The transfer is in widescreen 1.75:1 and is 16x9 enhanced, with very small black bars on either side of the frame. I assume this is the intended aspect ratio, since the series was produced after the commencement of widescreen Digital TV broadcasts in Australia on 1 January 2001, but I'm surprised it wasn't presented in an exact 1.78:1

    Given that we have four episodes spread across a dual layered disc, I would have expected the video transfer to be perfect, but it's not.

    I noticed various compression artefacts, including posterization and Gibbs effect, plus a tendency towards aliasing/combing for fast moving objects, which suggests that the video source may be inherently interlaced.

    I suspect the transfer may have been less than optimally encoded, and intended for digital TV broadcast (single pass encoding, constant bitrate) without the care normally taken for a DVD transfer. The transfer also appears to have been sourced from a composite video master, since I noticed some composite video artefacts, including dot crawl and a bit of colour smearing.

    The overall look of the transfer is probably a bit on the soft side and slightly over-exposed with saturated highlights on some scenes. Colour saturation was acceptable but the transfer seems to be missing the rich subtle colours of film.

    Darker scenes in the episodes feature a fair amount of video noise or "digital grain."

    Unfortunately, there are no subtitle tracks.

    This is a single sided dual layered disc (RSDL). The layer change occurs in between episodes. Episodes #19 and #20 are on Layer 0, and Episodes #21 and #22 are on Layer 1. The extras are on Layer 1.

Video Ratings Summary
Shadow Detail
Film-To-Video Artefacts
Film Artefacts


    There is only one audio track on this disc: English Dolby Digital 2.0 (224Kb/s).

    The soundtrack has obviously been "blanded down" for TV broadcast, since it sounds quite heavily dynamically compressed, with all the life taken out of it and extreme low and high frequencies rolled off.

    I'm not sure whether the soundtrack is surround encoded, but I did not hear any noticeable instances of the surround channels being utilized.

    At least the dialogue is clear and relatively easy to understand, except for a few instances where the characters are mumbling or speaking too fast.

    The background music features a selection of music from Mushroom Records . It's kind of funky and hip, and no doubt will go well for the target audience of the TV series.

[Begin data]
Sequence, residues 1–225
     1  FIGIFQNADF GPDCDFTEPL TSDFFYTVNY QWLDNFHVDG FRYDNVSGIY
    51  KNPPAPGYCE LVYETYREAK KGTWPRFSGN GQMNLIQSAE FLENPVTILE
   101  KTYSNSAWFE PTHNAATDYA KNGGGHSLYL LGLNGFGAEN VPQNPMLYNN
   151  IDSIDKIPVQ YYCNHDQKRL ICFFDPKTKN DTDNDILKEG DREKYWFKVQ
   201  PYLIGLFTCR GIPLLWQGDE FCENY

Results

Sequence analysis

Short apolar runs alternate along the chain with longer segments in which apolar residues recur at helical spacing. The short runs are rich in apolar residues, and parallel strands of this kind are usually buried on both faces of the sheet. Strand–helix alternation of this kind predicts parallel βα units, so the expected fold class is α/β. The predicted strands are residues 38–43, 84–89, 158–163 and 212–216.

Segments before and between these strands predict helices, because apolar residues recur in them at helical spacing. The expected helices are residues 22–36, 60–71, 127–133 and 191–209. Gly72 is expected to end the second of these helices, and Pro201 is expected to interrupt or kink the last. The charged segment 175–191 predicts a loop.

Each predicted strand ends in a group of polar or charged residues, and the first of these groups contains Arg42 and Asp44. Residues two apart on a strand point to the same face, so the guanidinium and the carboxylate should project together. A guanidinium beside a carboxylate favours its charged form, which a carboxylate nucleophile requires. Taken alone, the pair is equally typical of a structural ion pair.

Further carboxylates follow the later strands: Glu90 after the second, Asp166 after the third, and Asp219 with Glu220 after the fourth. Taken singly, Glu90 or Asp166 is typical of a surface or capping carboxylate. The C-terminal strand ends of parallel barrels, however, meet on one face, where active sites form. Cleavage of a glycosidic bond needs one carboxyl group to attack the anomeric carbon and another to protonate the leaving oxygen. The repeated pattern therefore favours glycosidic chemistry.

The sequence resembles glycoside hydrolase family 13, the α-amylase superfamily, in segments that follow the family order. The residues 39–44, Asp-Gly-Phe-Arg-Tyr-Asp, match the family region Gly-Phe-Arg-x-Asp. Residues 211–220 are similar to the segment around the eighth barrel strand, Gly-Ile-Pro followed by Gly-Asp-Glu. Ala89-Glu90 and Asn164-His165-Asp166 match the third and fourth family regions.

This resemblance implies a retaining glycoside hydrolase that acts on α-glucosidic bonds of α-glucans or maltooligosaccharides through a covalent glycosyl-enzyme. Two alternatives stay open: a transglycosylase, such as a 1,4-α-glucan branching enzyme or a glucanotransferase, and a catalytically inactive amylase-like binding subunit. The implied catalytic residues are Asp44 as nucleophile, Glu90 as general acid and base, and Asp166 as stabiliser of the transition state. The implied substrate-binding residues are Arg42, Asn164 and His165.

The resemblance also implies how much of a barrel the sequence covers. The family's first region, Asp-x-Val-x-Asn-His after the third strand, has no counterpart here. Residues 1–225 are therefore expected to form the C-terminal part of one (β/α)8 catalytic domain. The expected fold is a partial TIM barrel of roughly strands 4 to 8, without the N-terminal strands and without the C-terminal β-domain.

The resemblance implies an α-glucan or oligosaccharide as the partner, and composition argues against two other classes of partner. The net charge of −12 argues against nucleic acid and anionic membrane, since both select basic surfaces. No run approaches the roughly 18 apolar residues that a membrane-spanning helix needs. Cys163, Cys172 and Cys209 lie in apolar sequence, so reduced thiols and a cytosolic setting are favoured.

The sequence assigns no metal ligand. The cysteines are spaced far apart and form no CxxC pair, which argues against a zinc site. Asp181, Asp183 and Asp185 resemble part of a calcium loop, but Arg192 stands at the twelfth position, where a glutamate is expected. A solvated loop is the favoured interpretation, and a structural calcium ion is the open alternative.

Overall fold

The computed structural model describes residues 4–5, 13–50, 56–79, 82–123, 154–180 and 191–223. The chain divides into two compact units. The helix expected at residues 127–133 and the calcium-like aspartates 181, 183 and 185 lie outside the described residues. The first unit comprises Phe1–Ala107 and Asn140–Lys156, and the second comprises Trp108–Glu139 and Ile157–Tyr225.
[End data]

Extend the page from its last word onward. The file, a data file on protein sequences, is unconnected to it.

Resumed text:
Audio Ratings Summary
Audio Sync
Surround Channel Use


    Extras are minimal, but at least we get some extras.


    The menus are 16x9 enhanced. The main menu is animated and includes background audio.

Interviews-Cast- Talking With Deborah Mailman (6:00)

    This features the following interview snippets, all presented in 1.78:1 (16x9 enhanced) and Dolby Digital 2.0 (224Kb/s). Deborah talks about:

    In addition, we get overlay footage of Deborah preparing for and playing a scene with Claudia.

Interviews-Crew- Talking With John Edwards - Producer (3:50)

    This features the following interview snippets, all presented in 1.78:1 (16x9 enhanced) and Dolby Digital 2.0 (224Kb/s). John talks about:

Gallery-Photo- 15

    This contains 15 stills featuring various publicity photos of the cast.


    This present a one paragraph synopsis for all 22 episodes of Season 1, accompanied by stills from the episode.

R4 vs R1

NOTE: To view non-R4 releases, your equipment needs to be multi-zone compatible and usually also NTSC compatible.

    This title has yet to be released in Region 1. It has been released in Region 2 UK, but as a three DVD set covering the first 11 episodes of Season 1. I don't think the UK version has any extras, which makes Region 4 the clear winner.


    The Secret Life Of Us Series 1, Volume 7 features the last four episodes of Season 1 (Episodes #19-#22) of the cult TV series about a group of twentysomethings living in an apartment block in St. Kilda, Melbourne.

    The video transfer is okay, but has a number of compression artefacts.

    The audio transfer is okay, but the soundtrack sounds rather lifeless.

    Extras include interviews with Deborah Mailman and John Edwards, a photo gallery and plot synopses.

Ratings (out of 5)


© Christine Tham (read my biography)
Monday, July 12, 2004
Review Equipment
DVDCustom HTPC (Asus A7N266-VM, Athlon XP 2400+, 512MB, LiteOn LTD-165S, WinXP, WinDVD5 Platinum), using RGB output
DisplaySony VPL-VW11HT LCD Projector, ScreenTechnics 16x9 matte white screen (254cm). Calibrated with Video Essentials/Ultimate DVD Platinum/AVIA. This display device is 16x9 capable.
Audio DecoderBuilt in to amplifier/receiver. Calibrated with Video Essentials.
AmplificationDenon AVC-A1SE (upgraded)
SpeakersFront and surrounds: B&W CDM7NT, front centre: B&W CDMCNT, surround backs: B&W DM601S2, subwoofer: B&W ASW2500